By Vyvyan Holland
I found this article many years ago in the June 1958 edition of Harper’s Bazaar (in those days it still carried adverts in French!). Written by the son of Oscar Wilde, in an age before creative writing courses, it remains one of the most amusing accounts of how writing is done and deserves to be rescued from oblivion.
It has often been said that in the mind of everyone of us there is the material for at least one book, and there are few men and even fewer women of education who have not, at some period in their lives, contemplated trying their hands at authorship, particularly if they enjoy a reputation among their friends for wit, or for being good conversationalists and raconteurs. They do not realise how many differences there are between the spoken and written languages of civilised nations. Yet although the world abounds in Art Schools, Musical Academies and Schools of Dramatic Art, there are no serious establishments in which a man who aspires to be an author can learn even the rudiments of his trade; he has to rely upon his natural ability, if any, and to proceed by the method of trial and error; mostly, error.
There is no royal road to authorship. No two writers go about their business in the same way. Each develops along lines of his own until he eventually acquires what comes to be known as his individual style. Many popular authors seem to write to a kind of formula, the origin of which they have long since forgotten. Some authors, indeed, write almost automatically and can practically do it in their sleep; or so it would appear from their books. Unfortunately for the popular author, his public expects his work always to conform to the same pattern; I once asked Michael Arlen why he no longer wrote novels, and he replied that he was tired of writing about the same thing all the time. Authors who weave all their books round the same character or subject soon come to hate them so much that they cannot go on any more. Conan Doyle took such a poor view of Sherlock Holmes that at last, in desperation, he killed him; not that that caused him any lasting relief, as he was later bullied into reviving him.
Like any other manufacturing process, successful writing depends largely upon what is known in commercial circles as “know-how” and, judging from a great number of the books that are offered in the bookshops for sale, it is surprising how few modern authors seem to possess this. I have perhaps been fortunate in that I have known a great many writers, and I have always made a point of questioning them about their work; and I have found a vast difference between the ways in which they approach this very difficult business. For a very difficult business it is, and the more straightforward and simple a book appears to be, the more sure you may be that the writing of it has been most intricate and complicated, and that it has only been achieved by infinite pains. If a book appears to be a learned one by reason of its long and involved sentences, this is usually a sign that the author’s mind has been full of confused thoughts and ideas which he has not been able to sort out or unravel.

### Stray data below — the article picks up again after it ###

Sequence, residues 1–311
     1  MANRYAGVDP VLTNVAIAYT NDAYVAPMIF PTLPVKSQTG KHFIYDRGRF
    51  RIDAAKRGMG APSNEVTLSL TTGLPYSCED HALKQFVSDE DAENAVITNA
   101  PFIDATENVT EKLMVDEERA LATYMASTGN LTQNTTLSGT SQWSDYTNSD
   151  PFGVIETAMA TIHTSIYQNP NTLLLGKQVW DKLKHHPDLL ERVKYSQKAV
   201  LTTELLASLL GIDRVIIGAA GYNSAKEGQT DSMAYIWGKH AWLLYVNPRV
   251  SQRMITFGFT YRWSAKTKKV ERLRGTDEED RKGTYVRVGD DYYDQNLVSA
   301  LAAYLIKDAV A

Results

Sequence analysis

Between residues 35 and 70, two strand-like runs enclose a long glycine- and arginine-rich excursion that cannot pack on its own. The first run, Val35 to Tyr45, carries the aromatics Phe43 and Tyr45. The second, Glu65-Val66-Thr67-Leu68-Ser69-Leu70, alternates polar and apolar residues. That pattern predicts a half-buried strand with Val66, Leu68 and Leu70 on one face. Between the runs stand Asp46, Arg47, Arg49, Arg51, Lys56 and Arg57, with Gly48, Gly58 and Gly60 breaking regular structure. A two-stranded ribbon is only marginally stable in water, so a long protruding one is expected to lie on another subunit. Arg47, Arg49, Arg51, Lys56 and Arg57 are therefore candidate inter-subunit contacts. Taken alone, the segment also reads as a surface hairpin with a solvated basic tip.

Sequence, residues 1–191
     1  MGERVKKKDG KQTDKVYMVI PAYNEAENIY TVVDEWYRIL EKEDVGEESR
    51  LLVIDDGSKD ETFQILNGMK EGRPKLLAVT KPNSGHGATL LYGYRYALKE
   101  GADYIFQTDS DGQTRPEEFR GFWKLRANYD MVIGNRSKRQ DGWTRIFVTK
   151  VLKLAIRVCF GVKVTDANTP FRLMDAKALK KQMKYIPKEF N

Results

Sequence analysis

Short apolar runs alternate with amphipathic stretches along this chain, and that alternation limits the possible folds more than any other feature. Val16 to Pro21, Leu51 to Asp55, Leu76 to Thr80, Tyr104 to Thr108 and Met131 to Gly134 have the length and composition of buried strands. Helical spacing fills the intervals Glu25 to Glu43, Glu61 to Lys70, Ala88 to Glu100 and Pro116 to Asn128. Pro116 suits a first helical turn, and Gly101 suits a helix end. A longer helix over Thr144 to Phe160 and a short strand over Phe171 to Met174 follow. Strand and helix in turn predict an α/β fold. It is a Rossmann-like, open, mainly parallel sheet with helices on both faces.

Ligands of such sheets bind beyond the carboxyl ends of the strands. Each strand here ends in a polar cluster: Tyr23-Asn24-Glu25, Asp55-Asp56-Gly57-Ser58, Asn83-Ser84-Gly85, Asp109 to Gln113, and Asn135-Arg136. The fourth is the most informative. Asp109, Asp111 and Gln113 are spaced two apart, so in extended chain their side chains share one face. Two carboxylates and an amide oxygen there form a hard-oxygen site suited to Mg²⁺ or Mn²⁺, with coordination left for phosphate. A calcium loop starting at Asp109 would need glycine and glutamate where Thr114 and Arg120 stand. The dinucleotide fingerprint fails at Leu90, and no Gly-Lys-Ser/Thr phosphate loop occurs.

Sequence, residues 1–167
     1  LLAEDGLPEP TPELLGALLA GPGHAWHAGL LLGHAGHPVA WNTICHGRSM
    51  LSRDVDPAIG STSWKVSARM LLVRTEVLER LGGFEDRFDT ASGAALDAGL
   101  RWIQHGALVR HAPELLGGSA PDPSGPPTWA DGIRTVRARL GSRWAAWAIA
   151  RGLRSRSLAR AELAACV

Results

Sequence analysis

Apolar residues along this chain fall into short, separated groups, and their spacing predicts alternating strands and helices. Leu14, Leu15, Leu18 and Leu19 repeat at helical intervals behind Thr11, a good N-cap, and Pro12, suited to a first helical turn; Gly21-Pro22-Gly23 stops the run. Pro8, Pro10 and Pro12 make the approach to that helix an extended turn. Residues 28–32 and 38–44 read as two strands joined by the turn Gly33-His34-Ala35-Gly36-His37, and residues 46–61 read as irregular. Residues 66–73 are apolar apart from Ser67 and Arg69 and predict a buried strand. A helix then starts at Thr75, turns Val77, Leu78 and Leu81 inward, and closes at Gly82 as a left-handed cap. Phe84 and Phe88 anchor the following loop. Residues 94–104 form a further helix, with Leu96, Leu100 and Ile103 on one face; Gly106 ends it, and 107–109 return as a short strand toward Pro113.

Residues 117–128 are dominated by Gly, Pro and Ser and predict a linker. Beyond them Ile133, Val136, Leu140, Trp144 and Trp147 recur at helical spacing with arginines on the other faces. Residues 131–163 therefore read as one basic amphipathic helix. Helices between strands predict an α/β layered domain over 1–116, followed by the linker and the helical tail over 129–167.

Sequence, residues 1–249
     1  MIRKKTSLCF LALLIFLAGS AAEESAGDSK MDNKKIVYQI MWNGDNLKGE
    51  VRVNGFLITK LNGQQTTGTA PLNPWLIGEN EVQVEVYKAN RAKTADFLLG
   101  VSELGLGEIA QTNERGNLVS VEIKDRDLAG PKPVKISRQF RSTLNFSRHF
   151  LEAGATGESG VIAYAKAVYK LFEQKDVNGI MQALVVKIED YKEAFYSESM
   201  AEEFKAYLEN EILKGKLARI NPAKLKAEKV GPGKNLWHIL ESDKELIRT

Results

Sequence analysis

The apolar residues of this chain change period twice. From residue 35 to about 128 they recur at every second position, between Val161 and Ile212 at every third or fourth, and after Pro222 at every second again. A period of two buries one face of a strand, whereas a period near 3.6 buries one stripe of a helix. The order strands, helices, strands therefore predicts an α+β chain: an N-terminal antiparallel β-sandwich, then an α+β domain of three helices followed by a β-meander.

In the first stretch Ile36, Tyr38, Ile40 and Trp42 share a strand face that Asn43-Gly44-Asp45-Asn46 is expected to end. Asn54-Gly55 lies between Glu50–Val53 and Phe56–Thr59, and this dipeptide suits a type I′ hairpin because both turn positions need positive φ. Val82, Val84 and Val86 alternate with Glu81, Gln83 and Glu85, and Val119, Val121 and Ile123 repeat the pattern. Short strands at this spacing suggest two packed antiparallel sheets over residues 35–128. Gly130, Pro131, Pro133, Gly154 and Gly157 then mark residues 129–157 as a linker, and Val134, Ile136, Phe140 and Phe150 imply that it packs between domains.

What is the urge that makes anyone want to write? Is it divine inspiration? Is it the desire for self-expression? I often feel it is merely a hankering after immortality. And yet a well-known author once confessed to me that the reason he wrote was because he admired his own handwriting so much that the mere tracing of the letters gave him a feeling of creation. It is a curious fact that authors have either extremely good or extremely bad handwriting. The worst hand-writing I ever came across was that of the late Professor George Saintsbury, who wrote so many good books on both English and French literature and, incidentally, one of the best books on wine ever written, in his Notes from a Cellar Book. His hand-writing was so bad that no-one could read it, and he was eventually persuaded to buy an old typewriter and to learn how to use it. However, this did not really improve matters very much, because in the course of its vicissitudes the typewriter had lost its letter “E.” Nothing daunted, the Professor put an “x” wherever an “e” was needed, so that a word like “exceeding” started “xxcxx.”
It is a waste of time for the writer to sit down in front of a blank sheet of paper and wait for an inspiration. A friend of mine with literary ambitions once started writing a book with no particular scheme in view. The book began as a philosophical treatise, but it gradually degenerated into an autobiography. As he could remember very little of his past life, he had to turn the autobiography into a novel. Because of lack of sufficient material, the novel shrank to a short story. I never heard what happened to it in the end.